# Simplifying and Factoring Expressions

In algebra, simplifying and factoring expressions are opposite processes. *Simplifying an expression *often means *removing* a pair of parentheses; *factoring an expression *often means *applying *them.

Suppose you begin with the expression 5*x*(2*x*^{2} – 3*x* + 7). To simplify this expression, you remove the parentheses by multiplying 5*x* by each of the three terms inside the parentheses:

= 10x^{3}– 15x^{2}+ 35x

You can factor the resulting expression by replacing the parentheses: Simply divide each term by a factor of 5*x*:

5x(2x^{2}– 3x+ 7)

The two forms of this expression — 5*x*(2*x*^{2} – 3*x* + 7) and 10*x*^{2} – 15*x*^{2} + 35*x — *are equivalent. Neither form is better than the other. But, depending upon the circumstances, one form may be more useful.

## Simplifying messy expressions

You can use simplifying to clean up messy expressions and make them easier to work with. Suppose you're working with the following expression:

To clean it up, begin by simplifying the denominator:

Then you combine like terms in the denominator; notice that the *x*^{2} terms cancel each other out.

This fraction looks a lot simpler, but you can simplify even further by factoring both the numerator and denominator:

Now you can cancel a factor of *x* + 1 and simplify the resulting fraction as follows:

Through a combination of simplifying and factoring, the complicated-looking expression turns out to be a very simple constant!

## Factoring quadratic polynomials

Factoring can be tricky, especially when you need to factor a polynomial with large coefficients, such as 15*x*^{2} + 47 – 10. Here's an easy way to factor quadratic polynomials of the form *a**x** ^{2}* +

*b*

*x*+

*c*:

Begin by drawing a large X, placing the value

*ac*in the top quadrant*b*in the bottom quadrant.Suppose you want to factor the polynomial 6

*x*^{2}+ 11*x*+ 4. Note that in this polynomial,*a*= 6,*b*= 11, and*c*= 4. In this problem,*ac*= 6×4 = 24 and*b*= 11.Find a pair of numbers that

*multiply*to the top number and*add*to the bottom number, and place these in the two side quadrants (the order doesn't matter).For the example, you want to find a pair of numbers that multiplies to 24 and adds up to 14. Begin by listing all the factor pairs of 24: 1×24, 2×12, 3×8, and 4×6. Notice that 3 + 8 = 11, so this is the correct pair of numbers.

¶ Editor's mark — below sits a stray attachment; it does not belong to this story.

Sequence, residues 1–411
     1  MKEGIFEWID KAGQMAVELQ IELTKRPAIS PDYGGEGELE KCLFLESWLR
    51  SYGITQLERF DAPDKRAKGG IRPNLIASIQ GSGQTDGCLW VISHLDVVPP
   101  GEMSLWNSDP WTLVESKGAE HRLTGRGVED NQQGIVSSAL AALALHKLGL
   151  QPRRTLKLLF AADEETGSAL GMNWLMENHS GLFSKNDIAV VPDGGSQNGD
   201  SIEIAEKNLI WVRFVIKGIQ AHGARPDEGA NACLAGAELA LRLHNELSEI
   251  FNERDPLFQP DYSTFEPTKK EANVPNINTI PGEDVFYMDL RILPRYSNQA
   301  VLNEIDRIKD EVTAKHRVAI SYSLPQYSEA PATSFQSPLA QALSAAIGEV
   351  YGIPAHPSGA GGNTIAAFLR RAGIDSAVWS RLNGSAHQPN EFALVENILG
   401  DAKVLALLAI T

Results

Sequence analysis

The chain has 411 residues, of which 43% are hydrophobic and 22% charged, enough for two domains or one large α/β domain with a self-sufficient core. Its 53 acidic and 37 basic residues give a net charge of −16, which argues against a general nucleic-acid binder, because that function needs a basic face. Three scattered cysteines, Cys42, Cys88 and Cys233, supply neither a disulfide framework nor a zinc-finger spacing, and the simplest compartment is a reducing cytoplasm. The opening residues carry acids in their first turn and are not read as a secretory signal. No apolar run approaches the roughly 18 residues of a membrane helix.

Make two fractions using

*ax*for the numerator and the two numbers you placed in the side quadrants as denominators.Here, the value

*ax*= 6*x*, and the numbers in the two side quadrants are 3 and 8:Reduce these two fractions to lowest terms (keeping the results with both a numerator and denominator).

To finish, add the numerator and denominator of each fraction to find the two factors of the original polynomial.

Therefore, 6

*x*^{2}+ 11 + 4 = (2*x*+ 1)(3*x*+ 4)

Now, try the same method on the more difficult polynomial 15*x*^{2} + 47*x* – 10. In this case, *a* = 15, *b* = 47, and *c* = –10.

Begin by drawing a large X, placing the value

*ac*in the top quadrant*b*in the bottom quadrant.In this problem,

*ac*= 15 × –10 = –150 and*b*= 47.Find a pair of numbers that

*multiply*to the top number and*add*to the bottom number, and place these in the two side quadrants (the order doesn't matter).You're looking for a pair of numbers that multiply to –150, so one number is positive and the other is negative. And these two numbers also add up to 47, so the positive number is the "bigger" of the two numbers.

So, here are the factor pairs that work: –1×150, –2×75, –3×50, –5×30, –6×25, and –10×15. Notice that –3 + 50 = 47, so this is the correct pair of numbers.

Make two fractions using

*ax*for the numerator and the two numbers you placed in the side quadrants as denominators.Here, the value

*ax*= 15*x*, and the numbers in the two side quadrants are –3 and 50:Reduce these two fractions to lowest terms (keeping the results with both a numerator and denominator).

To finish, add the numerator and denominator of each fraction to find the two factors of the original polynomial.

Therefore, 15

*x*^{2}+ 47*x*– 10= (5*x*– 1)(3*x*+ 10).